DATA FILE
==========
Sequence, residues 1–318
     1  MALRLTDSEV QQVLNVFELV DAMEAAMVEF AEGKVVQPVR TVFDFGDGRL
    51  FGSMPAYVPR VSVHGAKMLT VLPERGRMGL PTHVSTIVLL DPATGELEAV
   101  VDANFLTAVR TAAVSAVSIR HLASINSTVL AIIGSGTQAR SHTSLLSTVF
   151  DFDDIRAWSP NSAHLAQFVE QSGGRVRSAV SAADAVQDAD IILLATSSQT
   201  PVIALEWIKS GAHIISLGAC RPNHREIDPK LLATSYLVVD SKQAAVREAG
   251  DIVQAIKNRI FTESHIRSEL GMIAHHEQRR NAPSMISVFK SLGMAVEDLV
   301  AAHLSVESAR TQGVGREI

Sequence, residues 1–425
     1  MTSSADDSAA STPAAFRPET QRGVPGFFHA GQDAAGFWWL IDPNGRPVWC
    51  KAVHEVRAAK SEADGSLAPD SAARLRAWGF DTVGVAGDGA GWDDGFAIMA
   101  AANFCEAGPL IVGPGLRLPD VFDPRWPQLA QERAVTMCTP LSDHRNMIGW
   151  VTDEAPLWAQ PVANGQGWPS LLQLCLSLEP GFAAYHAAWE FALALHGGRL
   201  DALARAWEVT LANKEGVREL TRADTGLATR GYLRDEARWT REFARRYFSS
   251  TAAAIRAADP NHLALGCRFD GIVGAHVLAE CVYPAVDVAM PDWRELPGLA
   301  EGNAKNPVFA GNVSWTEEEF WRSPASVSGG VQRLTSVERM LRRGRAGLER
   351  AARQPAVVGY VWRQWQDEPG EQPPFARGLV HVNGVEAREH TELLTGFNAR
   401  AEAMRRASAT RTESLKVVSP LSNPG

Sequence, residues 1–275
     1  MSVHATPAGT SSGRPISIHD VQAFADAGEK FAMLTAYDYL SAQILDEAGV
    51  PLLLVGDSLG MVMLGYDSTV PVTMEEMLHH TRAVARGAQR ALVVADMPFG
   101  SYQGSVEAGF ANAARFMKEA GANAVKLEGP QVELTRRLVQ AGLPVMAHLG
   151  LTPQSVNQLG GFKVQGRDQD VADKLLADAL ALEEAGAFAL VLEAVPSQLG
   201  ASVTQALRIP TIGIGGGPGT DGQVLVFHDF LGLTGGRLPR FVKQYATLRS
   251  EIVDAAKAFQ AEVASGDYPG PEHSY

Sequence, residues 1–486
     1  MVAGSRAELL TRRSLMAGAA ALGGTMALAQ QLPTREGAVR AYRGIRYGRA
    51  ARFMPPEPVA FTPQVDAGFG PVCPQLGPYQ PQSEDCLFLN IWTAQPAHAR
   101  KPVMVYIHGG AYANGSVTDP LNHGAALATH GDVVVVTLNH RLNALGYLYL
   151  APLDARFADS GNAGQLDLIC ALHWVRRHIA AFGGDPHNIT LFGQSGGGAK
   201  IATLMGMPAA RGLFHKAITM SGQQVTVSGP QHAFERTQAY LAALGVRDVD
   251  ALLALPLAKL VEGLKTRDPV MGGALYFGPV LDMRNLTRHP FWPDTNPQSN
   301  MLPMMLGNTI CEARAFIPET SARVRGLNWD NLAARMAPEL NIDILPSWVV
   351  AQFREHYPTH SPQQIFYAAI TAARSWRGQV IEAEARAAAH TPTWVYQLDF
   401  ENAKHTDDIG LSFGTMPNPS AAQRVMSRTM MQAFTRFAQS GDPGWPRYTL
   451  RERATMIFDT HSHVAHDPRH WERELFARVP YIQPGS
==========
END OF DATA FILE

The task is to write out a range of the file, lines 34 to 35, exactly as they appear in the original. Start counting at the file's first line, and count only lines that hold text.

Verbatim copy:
   351  AQFREHYPTH SPQQIFYAAI TAARSWRGQV IEAEARAAAH TPTWVYQLDF
   401  ENAKHTDDIG LSFGTMPNPS AAQRVMSRTM MQAFTRFAQS GDPGWPRYTL